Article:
In Sky Apartments 2018 Limited and others [2022] EWHC 763 (Ch), a number of off-plan buyers of long leases who had exchanged contracts and paid deposits found themselves with a lack of priority by reason of their failure to protect their equitable liens arising at exchange. Sky Building Limited (“SBL”) had commenced construction of student apartments in Newcastle-under-Lyme. An agreement was entered into to consolidate the debt liabilities of the owner of SBL which involved a transfer of the freehold of the site in May 2018 for a stated transfer price of £2.5m to a company called to Sky Apartments 2018 Limited. Unfortunately, Sky Apartments became insolvent and, after entering administration, an order was obtained under paragraph 71, Schedule B1, Insolvency Act 1986 enabling the site to be sold free from secured rights, including the equitable liens that had arisen in favour of the off-plan buyers. The administrators brought the current proceedings to obtain an order determining who was entitled, in order of priority, to share in the net sale proceeds. This depended upon which interests were binding upon Sky Apartments at the time of the May 2018 transfer. It was accepted that those buyers who had already completed their leases at that time and who had registered their leases against the freehold title had interests that were binding on Sky Apartments. But what of those buyers who had paid deposits but who had not yet completed? Some of the buyers under the pre-let agreements had protected their interests by way of unilateral notices, but others had not. Those who had sought such protection prior to the May 2018 transfer had interests that ranked in prior to the interest of Sky Apartments. However, those who had not registered a unilateral notice did not.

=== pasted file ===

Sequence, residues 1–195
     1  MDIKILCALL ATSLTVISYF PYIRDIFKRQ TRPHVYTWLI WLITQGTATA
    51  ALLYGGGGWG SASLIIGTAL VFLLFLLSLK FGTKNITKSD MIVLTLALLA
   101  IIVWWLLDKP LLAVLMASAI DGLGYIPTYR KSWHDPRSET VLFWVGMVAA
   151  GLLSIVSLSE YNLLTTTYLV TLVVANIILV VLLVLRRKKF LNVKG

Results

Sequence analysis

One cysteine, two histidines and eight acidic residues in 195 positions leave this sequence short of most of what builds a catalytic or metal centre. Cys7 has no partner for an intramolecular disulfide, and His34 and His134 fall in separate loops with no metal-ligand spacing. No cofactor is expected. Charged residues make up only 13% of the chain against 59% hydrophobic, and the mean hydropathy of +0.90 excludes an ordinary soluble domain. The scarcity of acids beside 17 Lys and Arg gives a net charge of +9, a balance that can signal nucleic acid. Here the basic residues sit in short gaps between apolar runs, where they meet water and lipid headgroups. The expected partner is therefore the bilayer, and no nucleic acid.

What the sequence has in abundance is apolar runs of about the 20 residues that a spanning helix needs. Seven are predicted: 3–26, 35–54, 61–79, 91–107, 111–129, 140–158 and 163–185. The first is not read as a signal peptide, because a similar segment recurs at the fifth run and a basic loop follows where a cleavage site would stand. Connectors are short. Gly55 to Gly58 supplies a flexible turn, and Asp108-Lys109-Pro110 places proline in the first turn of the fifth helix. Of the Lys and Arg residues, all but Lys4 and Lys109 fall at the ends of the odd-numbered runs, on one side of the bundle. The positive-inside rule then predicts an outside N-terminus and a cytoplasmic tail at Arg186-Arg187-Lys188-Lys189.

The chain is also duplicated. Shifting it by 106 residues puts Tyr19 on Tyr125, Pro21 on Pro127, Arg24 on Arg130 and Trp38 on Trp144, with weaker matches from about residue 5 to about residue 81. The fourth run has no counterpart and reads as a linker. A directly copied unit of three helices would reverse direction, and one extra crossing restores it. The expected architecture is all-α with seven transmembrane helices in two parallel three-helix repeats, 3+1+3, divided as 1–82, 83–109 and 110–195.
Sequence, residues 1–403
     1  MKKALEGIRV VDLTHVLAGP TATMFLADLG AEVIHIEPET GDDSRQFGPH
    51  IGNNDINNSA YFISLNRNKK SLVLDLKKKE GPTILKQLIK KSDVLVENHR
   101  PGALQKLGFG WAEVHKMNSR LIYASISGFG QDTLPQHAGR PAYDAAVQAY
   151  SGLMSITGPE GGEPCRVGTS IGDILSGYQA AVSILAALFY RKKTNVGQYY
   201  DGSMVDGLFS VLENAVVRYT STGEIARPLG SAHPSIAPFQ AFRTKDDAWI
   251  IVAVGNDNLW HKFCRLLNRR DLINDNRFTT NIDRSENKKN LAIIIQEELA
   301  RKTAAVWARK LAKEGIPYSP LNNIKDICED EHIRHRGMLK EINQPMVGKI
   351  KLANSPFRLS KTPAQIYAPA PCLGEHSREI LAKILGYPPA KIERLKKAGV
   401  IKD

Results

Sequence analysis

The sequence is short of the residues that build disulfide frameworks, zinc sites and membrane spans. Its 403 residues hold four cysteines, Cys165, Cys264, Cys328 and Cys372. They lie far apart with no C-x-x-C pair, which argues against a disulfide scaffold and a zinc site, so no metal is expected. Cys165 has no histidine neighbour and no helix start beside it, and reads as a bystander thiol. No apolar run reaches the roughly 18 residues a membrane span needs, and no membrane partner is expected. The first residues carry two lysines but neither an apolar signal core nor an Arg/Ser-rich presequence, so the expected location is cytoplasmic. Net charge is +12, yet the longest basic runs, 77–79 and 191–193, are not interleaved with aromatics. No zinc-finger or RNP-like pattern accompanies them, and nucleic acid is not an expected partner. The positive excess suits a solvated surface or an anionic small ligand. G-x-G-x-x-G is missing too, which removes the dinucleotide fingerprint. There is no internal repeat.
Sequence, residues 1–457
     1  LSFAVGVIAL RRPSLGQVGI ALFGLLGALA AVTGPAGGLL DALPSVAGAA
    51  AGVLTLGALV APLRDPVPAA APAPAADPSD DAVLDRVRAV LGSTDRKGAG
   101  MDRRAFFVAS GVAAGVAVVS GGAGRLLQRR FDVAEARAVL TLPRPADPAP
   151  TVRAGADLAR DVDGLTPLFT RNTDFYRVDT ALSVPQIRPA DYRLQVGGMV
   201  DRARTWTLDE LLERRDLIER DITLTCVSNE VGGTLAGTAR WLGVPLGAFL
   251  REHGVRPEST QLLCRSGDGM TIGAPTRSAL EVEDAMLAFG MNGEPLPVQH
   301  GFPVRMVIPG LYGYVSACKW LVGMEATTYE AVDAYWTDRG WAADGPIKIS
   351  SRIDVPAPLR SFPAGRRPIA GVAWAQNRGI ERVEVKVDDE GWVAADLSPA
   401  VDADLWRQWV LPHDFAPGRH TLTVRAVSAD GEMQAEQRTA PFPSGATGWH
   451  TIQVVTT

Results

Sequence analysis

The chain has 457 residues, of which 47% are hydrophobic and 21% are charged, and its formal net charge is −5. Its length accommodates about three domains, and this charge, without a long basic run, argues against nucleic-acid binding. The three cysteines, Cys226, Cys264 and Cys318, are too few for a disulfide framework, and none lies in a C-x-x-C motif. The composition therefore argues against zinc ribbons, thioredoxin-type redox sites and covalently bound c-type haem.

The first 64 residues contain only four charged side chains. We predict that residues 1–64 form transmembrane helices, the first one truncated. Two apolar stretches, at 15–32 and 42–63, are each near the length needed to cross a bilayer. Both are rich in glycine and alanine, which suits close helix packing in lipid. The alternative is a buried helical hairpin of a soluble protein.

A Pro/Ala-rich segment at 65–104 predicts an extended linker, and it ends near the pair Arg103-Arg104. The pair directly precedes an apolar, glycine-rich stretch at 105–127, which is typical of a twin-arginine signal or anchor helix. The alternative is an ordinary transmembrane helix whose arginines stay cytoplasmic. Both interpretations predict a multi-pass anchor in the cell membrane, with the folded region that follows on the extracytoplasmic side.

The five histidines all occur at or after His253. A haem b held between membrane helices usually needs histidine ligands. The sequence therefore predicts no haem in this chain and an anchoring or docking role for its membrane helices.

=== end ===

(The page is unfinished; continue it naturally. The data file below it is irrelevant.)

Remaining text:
Priority of interests affecting registered land is governed by section 29 of the Land Registration Act 2002. Under section 29, where a transfer of a registered estate is made for valuable consideration, completion of the disposition by registration has the effect of postponing to the interest of the transferee (i.e. the freehold) any interest affecting the estate immediately before the transfer (e.g. an equitable lien) whose priority is not protected at the time of registration. What this means in simple terms is that an unprotected equitable lien would rank behind the transferee’s interest and is therefore effectively not binding. By “protected”, we mean that priority is protected by registration of a notice, although (not relevant on the facts of this case) an interest may also be protected as an overriding interest by actual occupation. Accordingly, if there is no notice in the register to protect the lien, a transferee for valuable consideration acquires the land free from the lien and its priority is lost.